Current and Emerging Therapies for Wet Age-Related Macular Degeneration (AMD) - Episode 4

Anti-VEGF Treatment for Wet AMD

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Panelists give insight into the role of anti-VEGF therapy for wet AMD treatment and share personal experiences counseling patients on the goals of therapy.

Charles C. Wykoff, MD, PhD: Let’s move forward and talk about treatments of neovascular age-related macular degeneration. Diana, what role do anti-VEGF agents play in the treatment of wet AMD? It sounds like a silly question, but how do you pitch that to patients? If you have a patient sitting in front of you, how do you talk about this class of medication that has revolutionized what we do?

Diana V. Do, MD: The conversation is easier because we have over 15 years of experience using intravitreal VEGF inhibitors as a first-line therapy for wet AMD. I can confidently tell my patients that there is a strong body of evidence showing both the efficacy and safety of these medicines that I would treat any of my family members with it. I wholeheartedly suggest to them that we instigate treatment immediately if they have wet AMD. Sophie, can you speak to your patient population? They probably trust your guidance as well. Don’t you feel that we just have so much efficacy that it’s a no-brainer to treat patients with these medicines?

Sophie J. Bakri, MD: I don’t really give them a choice. I offer it, and I highly recommend it. If they ask what the alternative is, then I say that’s not good. But you’re absolutely right, Diana. We’ve had these drugs for so long. We know them very well. The safety is very well established, and the efficacy is remarkable. We’re doing the right thing when we are highly recommending these injections. With very rare exception, most patients will accept our recommendation.

Charles C. Wykoff, MD, PhD: Sophie, you speak very well with patients. I’ve heard you describe your communication pattern with patients before. Tell us how you specifically communicate the goals of therapy with patients and their family. They’re sitting in front of you; they have blurry vision. You’re telling them what you’re going to do. How do you describe what your objectives are?

Sophie J. Bakri, MD: I have several goals in mind that I like them to understand. The goals I try to communicate are, No. 1, that we would like to save the vision that you have. If they have 1 other eye that has already gone blind from AMD, then I say we don’t want the right eye to go the way of the left eye. They totally get that, especially if they didn’t have the opportunity to have that left eye treated. No. 1 is vision preservation. No. 2 is a chance for vision improvement. We know that in the trials about a third of patients improve vision. We go for preservation first and improvement second. The last thing I want to talk about is compliance. Sometimes I feel that as much as I tell patients that it’s a lifelong treatment, at some point they’ll come back and say, “I thought that was just 3 injections,” or, “It was just a year”—whatever the number is. I really try to insist that they understand that it’s a lifelong treatment and that their compliance is key to this partnership. One thing I do is I liken it to blood pressure pills. They say, “What would happen if I miss a month or I miss a treatment?” And I say, “What would happen if you missed a blood pressure pill? You’re blood pressure will go up.” Some of them say, “You mean my fluid might go up and down?” And I say, “Exactly. It’s like your blood pressure. It’s like your diabetes.” When I liken it to those common diseases, patients really get it. But I try to have those conversations.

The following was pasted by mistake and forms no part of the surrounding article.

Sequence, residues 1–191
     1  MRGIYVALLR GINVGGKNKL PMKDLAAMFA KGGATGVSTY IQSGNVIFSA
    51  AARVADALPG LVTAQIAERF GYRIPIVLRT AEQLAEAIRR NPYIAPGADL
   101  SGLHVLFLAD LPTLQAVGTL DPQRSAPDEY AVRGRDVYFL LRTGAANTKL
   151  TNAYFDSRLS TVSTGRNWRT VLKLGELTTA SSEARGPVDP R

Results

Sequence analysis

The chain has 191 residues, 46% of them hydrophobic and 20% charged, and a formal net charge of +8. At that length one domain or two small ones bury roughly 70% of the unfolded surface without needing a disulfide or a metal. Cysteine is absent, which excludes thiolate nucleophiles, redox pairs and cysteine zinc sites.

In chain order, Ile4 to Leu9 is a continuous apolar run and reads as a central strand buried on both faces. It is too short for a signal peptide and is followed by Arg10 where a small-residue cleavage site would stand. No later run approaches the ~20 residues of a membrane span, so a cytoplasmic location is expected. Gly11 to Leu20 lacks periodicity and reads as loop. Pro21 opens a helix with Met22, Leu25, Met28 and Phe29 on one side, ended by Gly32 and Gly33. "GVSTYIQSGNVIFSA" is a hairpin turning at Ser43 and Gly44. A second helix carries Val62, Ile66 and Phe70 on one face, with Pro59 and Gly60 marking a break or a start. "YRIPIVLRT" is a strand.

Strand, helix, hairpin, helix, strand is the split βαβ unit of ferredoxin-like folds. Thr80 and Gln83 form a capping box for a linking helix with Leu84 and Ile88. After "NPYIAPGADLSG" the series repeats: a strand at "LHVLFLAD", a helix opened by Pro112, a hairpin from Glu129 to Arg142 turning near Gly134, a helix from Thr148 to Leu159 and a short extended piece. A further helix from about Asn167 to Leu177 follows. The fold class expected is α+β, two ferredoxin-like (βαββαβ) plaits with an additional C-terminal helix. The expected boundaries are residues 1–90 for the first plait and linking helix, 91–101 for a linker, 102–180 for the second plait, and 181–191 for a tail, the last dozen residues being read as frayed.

Charles C. Wykoff, MD, PhD: Great insights. Fantastic. Mark, do you specifically communicate any of the risks of treatment? Anytime we put a needle in any part of the body, there are risks. Do you specifically communicate that to a treatment-naïve patient that you’re treating for the first time? If so, what do you say?

Mark P. Breazzano, MD: Absolutely. I communicate with them any procedure that we do on a patient, any treatment we do has a risk. There’s no way around it. We do everything we can to minimize those risks. I communicate, even though it is rare, but the 1 many of us worry about most is endophthalmitis. That risk, I communicate, it’s 1 of several thousand, and we’re just cleaning the eye best as we can and doing in a safe and effective manner to minimize that. Of course, then we go to the more common things like irritation afterward. Because as you said, in this treatment-naïve patient who hasn’t been exposed to anything like this before, their first response is, you’re going to do what to my eyeball? And after the first or second, 1 of the most common responses is, “It really wasn’t that bad.” But when the numbing wears off, a lot of them are wondering how the eye is going to feel. Going over that and minimizing that with artificial tears and really knowing when to call or come back in with worrisome signs.

Transcript edited for clarity.